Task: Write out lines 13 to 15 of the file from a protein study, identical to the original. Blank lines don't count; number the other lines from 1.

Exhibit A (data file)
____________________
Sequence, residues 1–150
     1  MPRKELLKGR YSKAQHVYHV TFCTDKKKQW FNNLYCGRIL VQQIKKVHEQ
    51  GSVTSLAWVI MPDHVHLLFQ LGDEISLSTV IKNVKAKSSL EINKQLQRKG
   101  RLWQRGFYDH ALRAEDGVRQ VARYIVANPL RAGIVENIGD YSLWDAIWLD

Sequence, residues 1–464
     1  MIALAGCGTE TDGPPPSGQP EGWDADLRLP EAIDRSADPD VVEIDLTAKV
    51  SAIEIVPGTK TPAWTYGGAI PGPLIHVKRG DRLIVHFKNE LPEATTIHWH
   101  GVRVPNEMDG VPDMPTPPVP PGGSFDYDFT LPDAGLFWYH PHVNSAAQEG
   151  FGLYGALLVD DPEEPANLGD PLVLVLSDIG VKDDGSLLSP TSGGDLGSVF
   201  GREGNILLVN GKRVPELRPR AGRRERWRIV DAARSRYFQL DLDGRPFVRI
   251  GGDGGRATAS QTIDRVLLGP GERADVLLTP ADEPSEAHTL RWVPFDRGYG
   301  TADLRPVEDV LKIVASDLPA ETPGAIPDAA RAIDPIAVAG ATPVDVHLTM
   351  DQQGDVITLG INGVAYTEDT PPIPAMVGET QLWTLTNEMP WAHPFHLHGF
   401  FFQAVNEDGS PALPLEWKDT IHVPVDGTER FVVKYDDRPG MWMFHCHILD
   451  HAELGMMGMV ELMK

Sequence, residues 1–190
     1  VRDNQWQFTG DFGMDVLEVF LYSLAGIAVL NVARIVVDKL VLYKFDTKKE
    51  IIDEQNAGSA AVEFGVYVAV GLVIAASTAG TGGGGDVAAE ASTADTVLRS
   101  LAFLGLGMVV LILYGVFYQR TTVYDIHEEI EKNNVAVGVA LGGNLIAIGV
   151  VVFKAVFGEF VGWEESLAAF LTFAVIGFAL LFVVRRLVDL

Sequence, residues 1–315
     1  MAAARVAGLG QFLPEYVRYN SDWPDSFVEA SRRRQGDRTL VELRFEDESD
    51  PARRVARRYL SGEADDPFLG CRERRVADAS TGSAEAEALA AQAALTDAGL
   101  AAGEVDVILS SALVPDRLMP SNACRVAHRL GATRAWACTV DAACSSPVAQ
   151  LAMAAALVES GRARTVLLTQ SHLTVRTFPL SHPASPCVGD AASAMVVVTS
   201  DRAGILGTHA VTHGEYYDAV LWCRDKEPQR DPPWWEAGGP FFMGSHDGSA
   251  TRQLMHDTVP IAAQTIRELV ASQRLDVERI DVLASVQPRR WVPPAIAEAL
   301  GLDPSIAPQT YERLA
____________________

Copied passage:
   351  DQQGDVITLG INGVAYTEDT PPIPAMVGET QLWTLTNEMP WAHPFHLHGF
   401  FFQAVNEDGS PALPLEWKDT IHVPVDGTER FVVKYDDRPG MWMFHCHILD
   451  HAELGMMGMV ELMK